Trump just responded to Trudeau with an unprecedented and enormously petty act


Donald Trump gets another big “F” on his report card for his ability to get along well with others.

His unprecedentedly disastrous appearance at the G7 summit in Quebec, where he alienated our nation’s long-standing allies on literally trumped-up trade issues while pressing for the readmittance of Russia to the group, left many Americans frustrated and embarrassed by his blustering incompetence.

His quixotic insistence that America has been exploited by what he considers unfair trade pacts with our closest allies led to an impasse at the conference as he tried to bully his way to victory by unilaterally abrogating existing trade deals and imposing hefty new tariffs on a steel and aluminum, among other goods.

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The relationships with the other G7 nations are not, as Trump paints them, “great” after his disruptive destruction of existing trade deals. His unprecedented decision to remove his signature from the joint communique issued by the G7 member nations in a fit of retaliatory pique demonstrated his pettiness and the weakness of his character to the entire world.


Immediately after Trump issued his woefully misinformed trade ultimatum via tweet, Prime Minister Justin Trudeau of Canada announced a set of retaliatory tariffs that mark the first response to a trade war that can lead to economic casualties on both sides of the border, with the least wealthy set to suffer the most as the new tariffs raise the costs of goods and lead to inflation that dilutes the purchasing power of everyday citizens.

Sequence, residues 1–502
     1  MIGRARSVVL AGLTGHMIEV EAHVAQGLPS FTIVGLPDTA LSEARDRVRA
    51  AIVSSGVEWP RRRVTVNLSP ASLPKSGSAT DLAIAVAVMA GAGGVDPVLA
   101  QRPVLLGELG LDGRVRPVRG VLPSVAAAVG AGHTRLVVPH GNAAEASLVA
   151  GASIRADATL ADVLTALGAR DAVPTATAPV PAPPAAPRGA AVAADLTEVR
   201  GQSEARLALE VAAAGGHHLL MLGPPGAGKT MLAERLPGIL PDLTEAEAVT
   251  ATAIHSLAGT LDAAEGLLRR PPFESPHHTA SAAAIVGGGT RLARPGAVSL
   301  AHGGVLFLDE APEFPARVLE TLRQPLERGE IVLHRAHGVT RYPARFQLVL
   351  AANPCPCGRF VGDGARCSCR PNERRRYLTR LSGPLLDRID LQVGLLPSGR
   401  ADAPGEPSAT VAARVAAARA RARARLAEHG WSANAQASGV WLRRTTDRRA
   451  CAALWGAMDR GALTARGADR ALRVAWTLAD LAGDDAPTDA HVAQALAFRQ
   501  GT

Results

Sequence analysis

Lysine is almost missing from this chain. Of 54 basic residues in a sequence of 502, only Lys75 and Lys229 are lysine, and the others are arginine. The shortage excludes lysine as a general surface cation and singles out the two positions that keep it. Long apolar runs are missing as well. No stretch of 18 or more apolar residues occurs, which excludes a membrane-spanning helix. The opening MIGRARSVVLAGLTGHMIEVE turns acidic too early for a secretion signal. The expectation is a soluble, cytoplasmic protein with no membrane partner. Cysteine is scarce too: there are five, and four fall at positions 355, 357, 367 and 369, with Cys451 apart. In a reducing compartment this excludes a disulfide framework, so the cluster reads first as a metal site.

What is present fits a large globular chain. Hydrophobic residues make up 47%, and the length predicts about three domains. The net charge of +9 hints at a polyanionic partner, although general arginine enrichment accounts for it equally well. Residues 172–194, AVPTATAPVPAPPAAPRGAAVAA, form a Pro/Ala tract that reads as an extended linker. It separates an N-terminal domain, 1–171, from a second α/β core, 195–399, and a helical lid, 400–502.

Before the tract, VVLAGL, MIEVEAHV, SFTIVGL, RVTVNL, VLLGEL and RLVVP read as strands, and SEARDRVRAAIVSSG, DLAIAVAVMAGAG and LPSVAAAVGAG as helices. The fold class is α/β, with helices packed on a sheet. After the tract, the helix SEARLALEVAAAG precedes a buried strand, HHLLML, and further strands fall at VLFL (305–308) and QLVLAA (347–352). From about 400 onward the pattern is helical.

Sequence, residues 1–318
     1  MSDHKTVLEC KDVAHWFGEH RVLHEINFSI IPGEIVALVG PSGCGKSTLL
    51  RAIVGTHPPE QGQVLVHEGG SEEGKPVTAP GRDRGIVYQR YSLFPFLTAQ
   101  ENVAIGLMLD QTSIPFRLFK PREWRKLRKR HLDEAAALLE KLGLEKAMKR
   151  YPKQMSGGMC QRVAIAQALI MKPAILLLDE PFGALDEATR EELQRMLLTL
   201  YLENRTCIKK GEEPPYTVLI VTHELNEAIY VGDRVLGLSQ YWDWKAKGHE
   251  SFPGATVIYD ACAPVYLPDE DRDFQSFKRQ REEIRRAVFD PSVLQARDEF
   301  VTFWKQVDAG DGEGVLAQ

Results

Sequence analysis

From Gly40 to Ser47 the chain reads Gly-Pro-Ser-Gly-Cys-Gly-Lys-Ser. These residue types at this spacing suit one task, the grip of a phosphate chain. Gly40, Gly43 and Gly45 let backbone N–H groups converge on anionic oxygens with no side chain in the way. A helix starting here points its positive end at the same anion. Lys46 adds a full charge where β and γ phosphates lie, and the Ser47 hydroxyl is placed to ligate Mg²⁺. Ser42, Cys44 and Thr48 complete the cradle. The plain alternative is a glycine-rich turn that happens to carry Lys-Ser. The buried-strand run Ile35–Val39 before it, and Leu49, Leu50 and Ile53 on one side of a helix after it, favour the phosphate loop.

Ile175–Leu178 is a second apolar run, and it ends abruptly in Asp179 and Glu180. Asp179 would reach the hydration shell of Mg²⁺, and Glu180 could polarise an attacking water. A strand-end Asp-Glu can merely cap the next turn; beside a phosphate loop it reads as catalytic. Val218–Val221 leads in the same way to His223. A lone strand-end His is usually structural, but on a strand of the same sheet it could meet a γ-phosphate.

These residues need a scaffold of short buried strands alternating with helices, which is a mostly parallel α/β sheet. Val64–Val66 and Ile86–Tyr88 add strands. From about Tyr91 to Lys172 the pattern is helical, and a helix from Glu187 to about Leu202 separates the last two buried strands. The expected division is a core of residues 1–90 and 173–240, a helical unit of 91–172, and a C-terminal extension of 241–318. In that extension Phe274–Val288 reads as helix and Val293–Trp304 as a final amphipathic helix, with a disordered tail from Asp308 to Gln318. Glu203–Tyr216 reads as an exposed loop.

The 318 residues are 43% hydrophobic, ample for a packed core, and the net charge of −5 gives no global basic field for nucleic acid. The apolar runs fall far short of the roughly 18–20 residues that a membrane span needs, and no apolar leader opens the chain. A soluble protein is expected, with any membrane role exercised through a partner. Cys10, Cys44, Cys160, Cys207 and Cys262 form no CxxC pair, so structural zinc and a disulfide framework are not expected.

Trump, of course, reacted to Prime Minister Trudeau’s response to his unprovoked economic assault with a pair of tweets raising the stakes even higher.

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How Americans in general, and that 36% of the country that still supports Trump in particular, will respond to the translation of the president’s fiery rhetoric into higher prices and lost jobs is yet to be seen, but neither of those consequences appear likely to have many fans.

As a raging bully, Trump’s misinterpretation of Trudeau’s polite exterior for weakness is not unexpected, in fact it’s exemplary of his inability to possess the slightest comprehension of the intricacies of international trade and diplomacy.


While calling the Canadian Prime Minister dishonest, Trump himself has continuously lied about the imbalance of trade between the U.S. and its northern neighbor. According to Time Magazine:

“Statistics from the Office of the United States Trade Representative refute Trump’s claim of a trade deficit. The U.S. government agency said U.S. had a $12.5 billion trade surplus for goods and services in 2016, exporting $320.1 billion and importing $307.6 billion.”

Now that seems very dishonest and weak.

With Trump on his way to Singapore to meet with North Korean leader Kim Jong Un, the  botched trade negotiations may be the least of our country’s worries, and Canada’s too.

Those North Korean nuclear missiles may pass through Canadian skies on their way to the U.S. if Trump screws up the nuclear disarmament negotiations as badly as he has the trade deals with our allies. If one of those poorly tested missiles falls short of its intended target, Canada will be victim to Trump’s incompetence yet again.

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Vinnie Longobardo

Vinnie Longobardo is a 35-year veteran of the TV, mobile, & internet industries, specializing in start-ups and the international media business. His passions are politics, music, and art.